The Centers for Disease Control and Prevention (CDC) states that approximately half a million U.S. children ages 1-5 years have blood lead levels sufficient to impair health, 4 million U.S. homes expose children to high lead levels, and each seriously lead-poisoned child will cost the U.S. $5,600 in medical and special education services (CDC, 2013, 2015). Not all communities share the same exposure risk and evidence suggests that urban immigrant populations experience a higher lead poisoning risk than other communities (Tehranifar et al., 2008).
CDC currently recommends a childhood blood lead level reference based on the 97.5 percentile (5.0 [micro]g/dL) of children ages 1-5 in the National Health and Nutrition Examination Survey population and hospitaliza tion when venous blood lead concentrations (VBLC) are 70 [micro]g/dL or above (CDC, 2002, 2012). The Douglas County, Nebraska, Health Department's (DCHD) Lead Poisoning
Prevention Program (LPPP) actively monitors capillary and VBLC and conducts environmental hazard analysis (EHA: locating and characterizing the hazard) and lead risk assessment (LRA: exposure risk assessment).
Currently, DCHD LPPP staff members actively intervene (conduct EHA/LRA, monitor all VBLCs until child is 84 months old, and provide health education information to the child's parents/guardians) when blood lead levels reach or exceed 9.5 [micro]g/dL. This special report describes how the DCHD LPPP staff planned, organized, and executed a rapid environmental health response to pediatric lead poisoning in their community.
In 1998, the U.S. Environmental Protection Agency (U.S. EPA) investigated concerns about an increase in blood lead level prevalence in Omaha, Nebraska (U.S. EPA Region VII, 2009). In 2003, the Omaha Lead Site became a U.S. EPA National Priority List Superfund site. Subsequently, DCHD now provides indoor lead dust remediation, lead exposure reduction education, lead poisoning risk education, and blood lead level monitoring for children up to 84 months.
Today Whites, Blacks, and Hispanics represent nearly 95% of Douglas County's 537,256 residents (U.S. Census Bureau, 2015). Approximately 10% of these residents are foreign born and about 14% speak a language other than English in the home. Among DCHD's 23,513 first-time laboratory reports received from January 1, 2010, to December 31, 2012, describing a previously unscreened child, the mean VBLC was 2.6 [micro]g/dL (SD = 1.43) and ranged from 0-68 [micro]g/dL among children less than 84 months.
DCHD staff members initiate an environmental investigation (EHA/LRA) in those dwelling(s) where 9.5 [micro]g/dL and higher VBLC reports arise. A VBLC report of 4.9 [micro]g/ dL or higher represented approximately 5% (n = 1,196) of all the DCHD LPPP screening results for the years 2010-2012. Therefore, a 61 [micro]g/dL VBLC report was rare for DCHD program staff.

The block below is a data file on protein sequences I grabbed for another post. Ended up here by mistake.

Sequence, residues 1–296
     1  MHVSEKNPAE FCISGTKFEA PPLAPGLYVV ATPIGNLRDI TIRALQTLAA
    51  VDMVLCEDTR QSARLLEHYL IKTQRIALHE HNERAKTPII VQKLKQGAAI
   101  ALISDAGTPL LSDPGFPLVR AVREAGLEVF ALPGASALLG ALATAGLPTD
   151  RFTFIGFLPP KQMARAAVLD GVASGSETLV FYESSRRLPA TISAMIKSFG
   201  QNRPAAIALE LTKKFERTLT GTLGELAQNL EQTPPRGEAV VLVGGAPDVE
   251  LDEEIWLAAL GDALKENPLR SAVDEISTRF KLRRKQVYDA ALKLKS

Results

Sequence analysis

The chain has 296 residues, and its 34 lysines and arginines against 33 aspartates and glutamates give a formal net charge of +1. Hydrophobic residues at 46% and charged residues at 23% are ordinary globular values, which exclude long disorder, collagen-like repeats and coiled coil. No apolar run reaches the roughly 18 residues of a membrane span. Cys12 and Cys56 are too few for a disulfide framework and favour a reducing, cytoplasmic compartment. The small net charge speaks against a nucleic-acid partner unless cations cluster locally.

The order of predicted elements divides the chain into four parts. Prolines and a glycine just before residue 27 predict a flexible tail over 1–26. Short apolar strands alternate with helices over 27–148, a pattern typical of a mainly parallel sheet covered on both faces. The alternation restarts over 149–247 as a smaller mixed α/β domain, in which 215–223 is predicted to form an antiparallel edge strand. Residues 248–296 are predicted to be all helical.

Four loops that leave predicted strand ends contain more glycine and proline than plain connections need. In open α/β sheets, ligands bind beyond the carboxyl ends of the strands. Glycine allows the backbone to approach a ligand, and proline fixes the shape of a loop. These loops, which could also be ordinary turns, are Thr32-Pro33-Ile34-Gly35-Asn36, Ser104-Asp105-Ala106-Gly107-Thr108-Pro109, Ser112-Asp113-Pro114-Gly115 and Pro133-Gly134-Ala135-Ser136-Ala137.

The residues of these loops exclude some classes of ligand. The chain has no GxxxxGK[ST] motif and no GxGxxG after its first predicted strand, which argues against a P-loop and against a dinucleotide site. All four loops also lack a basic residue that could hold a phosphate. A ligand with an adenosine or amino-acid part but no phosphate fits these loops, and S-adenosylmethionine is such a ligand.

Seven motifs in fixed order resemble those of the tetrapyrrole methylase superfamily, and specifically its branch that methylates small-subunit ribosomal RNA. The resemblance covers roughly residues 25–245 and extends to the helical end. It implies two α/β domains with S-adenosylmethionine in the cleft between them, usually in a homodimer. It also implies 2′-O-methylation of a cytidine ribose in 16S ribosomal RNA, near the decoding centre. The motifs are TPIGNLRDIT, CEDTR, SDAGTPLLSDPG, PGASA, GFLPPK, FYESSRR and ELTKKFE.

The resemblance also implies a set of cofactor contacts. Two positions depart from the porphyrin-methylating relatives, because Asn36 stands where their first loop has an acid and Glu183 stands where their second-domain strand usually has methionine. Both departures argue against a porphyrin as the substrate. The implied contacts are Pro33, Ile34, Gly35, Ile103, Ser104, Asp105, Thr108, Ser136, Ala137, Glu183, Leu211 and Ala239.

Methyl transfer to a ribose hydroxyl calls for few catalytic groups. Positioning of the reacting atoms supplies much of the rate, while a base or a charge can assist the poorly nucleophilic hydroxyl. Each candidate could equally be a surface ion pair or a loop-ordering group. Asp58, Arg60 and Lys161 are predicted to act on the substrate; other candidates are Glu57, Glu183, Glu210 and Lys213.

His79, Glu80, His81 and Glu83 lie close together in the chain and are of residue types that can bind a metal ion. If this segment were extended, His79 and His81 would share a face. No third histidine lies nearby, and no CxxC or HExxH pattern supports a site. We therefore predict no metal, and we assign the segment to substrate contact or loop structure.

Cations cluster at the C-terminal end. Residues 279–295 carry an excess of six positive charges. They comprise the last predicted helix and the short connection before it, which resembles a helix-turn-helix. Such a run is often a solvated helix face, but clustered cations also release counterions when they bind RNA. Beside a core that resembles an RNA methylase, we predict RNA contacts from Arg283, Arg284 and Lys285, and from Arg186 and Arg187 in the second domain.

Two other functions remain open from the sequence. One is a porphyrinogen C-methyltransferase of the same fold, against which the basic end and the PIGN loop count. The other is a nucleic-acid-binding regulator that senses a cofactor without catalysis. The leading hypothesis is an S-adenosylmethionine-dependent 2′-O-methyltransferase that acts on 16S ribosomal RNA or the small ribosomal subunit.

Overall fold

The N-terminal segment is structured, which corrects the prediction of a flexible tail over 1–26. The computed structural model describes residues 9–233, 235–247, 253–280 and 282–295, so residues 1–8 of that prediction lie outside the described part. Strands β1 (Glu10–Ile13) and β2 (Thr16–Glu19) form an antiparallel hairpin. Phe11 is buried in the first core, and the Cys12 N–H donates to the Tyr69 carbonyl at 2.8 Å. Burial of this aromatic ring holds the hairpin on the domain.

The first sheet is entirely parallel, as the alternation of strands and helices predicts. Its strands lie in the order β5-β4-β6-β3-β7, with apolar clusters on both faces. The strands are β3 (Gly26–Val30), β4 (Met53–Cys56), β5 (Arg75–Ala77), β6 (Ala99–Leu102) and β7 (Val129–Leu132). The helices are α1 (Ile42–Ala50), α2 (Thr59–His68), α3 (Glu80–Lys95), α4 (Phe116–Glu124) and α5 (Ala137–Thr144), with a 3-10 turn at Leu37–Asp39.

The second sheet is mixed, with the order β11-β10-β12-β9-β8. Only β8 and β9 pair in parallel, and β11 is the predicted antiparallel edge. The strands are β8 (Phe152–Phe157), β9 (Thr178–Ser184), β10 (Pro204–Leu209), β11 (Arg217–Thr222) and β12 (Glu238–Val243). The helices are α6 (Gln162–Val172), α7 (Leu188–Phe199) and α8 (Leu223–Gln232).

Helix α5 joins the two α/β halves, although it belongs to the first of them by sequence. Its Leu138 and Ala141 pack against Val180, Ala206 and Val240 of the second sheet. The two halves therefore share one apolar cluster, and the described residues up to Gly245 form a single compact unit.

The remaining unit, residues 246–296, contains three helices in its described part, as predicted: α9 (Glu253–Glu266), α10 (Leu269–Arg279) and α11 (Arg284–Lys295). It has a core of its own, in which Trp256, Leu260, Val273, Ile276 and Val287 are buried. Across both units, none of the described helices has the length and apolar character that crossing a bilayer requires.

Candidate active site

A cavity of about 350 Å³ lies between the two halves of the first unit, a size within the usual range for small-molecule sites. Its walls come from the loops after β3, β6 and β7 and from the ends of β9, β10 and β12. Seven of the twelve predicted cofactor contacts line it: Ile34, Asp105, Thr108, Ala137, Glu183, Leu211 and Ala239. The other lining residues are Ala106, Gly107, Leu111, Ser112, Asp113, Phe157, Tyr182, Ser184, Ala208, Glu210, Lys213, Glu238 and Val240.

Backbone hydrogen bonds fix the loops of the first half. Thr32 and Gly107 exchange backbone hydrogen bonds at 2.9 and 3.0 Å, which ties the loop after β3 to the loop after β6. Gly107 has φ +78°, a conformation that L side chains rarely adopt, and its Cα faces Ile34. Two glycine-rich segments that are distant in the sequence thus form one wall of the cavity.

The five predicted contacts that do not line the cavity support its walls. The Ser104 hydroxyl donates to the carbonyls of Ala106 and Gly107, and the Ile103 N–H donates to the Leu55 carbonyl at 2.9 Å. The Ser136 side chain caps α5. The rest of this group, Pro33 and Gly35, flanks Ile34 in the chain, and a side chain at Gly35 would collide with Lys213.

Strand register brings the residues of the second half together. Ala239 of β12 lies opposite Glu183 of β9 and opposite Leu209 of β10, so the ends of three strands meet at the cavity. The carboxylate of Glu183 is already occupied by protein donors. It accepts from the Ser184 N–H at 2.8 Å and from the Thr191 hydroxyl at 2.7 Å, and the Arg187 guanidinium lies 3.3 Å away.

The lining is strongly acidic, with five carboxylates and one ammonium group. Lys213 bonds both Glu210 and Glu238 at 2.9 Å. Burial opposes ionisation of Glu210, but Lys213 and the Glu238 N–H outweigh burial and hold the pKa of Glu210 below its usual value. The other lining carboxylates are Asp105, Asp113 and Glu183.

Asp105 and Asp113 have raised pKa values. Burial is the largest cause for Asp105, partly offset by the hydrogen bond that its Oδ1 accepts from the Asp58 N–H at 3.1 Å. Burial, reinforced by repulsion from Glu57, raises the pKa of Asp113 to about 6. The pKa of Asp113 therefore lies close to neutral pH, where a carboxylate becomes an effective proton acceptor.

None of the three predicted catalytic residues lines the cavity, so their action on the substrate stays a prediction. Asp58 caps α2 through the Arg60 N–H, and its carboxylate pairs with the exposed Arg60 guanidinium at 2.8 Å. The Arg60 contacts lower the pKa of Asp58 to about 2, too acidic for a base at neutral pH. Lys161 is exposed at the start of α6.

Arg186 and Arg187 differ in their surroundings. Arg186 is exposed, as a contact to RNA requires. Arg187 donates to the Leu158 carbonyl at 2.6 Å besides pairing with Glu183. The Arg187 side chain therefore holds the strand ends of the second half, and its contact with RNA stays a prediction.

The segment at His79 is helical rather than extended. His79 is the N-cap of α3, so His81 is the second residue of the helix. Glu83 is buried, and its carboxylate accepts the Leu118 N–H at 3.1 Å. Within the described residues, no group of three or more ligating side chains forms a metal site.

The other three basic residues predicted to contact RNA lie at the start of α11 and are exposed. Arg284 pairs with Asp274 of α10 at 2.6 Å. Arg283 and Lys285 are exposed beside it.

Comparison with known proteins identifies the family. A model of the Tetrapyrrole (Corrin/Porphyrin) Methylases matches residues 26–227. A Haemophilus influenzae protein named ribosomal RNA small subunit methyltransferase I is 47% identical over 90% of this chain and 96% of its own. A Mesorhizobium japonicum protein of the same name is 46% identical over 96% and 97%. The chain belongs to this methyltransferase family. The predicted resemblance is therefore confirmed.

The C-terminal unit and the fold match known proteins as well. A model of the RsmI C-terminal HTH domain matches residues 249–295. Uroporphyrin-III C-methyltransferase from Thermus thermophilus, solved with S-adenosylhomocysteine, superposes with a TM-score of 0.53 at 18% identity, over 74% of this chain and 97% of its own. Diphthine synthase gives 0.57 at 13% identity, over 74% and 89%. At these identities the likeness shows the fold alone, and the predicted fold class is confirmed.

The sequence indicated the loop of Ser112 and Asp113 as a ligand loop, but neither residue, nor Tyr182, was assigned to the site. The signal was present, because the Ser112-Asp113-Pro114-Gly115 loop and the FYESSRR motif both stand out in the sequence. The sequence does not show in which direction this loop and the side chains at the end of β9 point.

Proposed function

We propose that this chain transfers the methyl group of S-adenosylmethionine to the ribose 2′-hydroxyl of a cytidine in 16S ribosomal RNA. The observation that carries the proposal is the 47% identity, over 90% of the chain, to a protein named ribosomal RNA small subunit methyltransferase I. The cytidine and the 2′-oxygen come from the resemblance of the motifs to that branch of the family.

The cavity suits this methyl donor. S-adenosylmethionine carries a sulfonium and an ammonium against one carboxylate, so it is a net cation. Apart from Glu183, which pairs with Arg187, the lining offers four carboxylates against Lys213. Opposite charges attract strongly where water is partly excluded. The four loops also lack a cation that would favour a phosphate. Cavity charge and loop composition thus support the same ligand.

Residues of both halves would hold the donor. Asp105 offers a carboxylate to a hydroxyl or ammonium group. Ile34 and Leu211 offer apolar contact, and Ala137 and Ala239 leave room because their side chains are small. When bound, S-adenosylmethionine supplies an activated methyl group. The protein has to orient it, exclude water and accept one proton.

A logic model tool (Figure 1) can be used to plan resources, outputs, and goals for a rapid response protocol. Protocol steps (Figure 2) can emerge from existing policies and practices. The child's VBLC, age, weight, and nutrition history are the primary drivers for deciding when the LPPP manager activates the protocol (see step 4). Program experiences, practices, policies, and CDC recommendations are also considered.
Rapid Response Steps 1-4: The Initial 24-48 Hours
Steps 1, 2, and 3: The response should be aggressive and rapid because 1) a high VBLC (>60 [micro]g/dL) can significantly increase encephalopathy risk in an ectomorphic child less than 5 years and 2) CDC recommends an aggressive response (CDC, 2012).
At that time, DCHD LPPP staff members also considered that a VBLC of nearly 5.0 [micro]g/dL represented the 95th percentile of its own program for the years 2010-2012, and that DCHD LPPP policy required immediate blood lead level monitoring and EHA/LRA when levels reached or exceeded 9.5 [micro]g/dL.
The network gap assessment should determine what rapid resources are available. Network stakeholders might include the victim's family members and relatives, healthcare providers and payers (clinic, pharmacy, health insurer), government organizations (DCHD, Omaha City Planning and Housing Authority, Nebraska State Department of Health and Human Services), nongovernmental organizations (Family Housing Advisory Services, Inc., Habitat for Humanity, community associations, language translation service providers), the property owner(s) where the victim currently resides and the property owner(s) at the time the blood sample was screened, a home builder and/or a repair contractor (U.S. EPA-certified renovation, repair, painting, and/or lead abatement businesses), the victim's faith community (churches, clubs), and private businesses (hardware retailers, language translation service providers).
The parent/guardian should be contacted first. The parent/guardian needs to know the child is lead poisoned, the...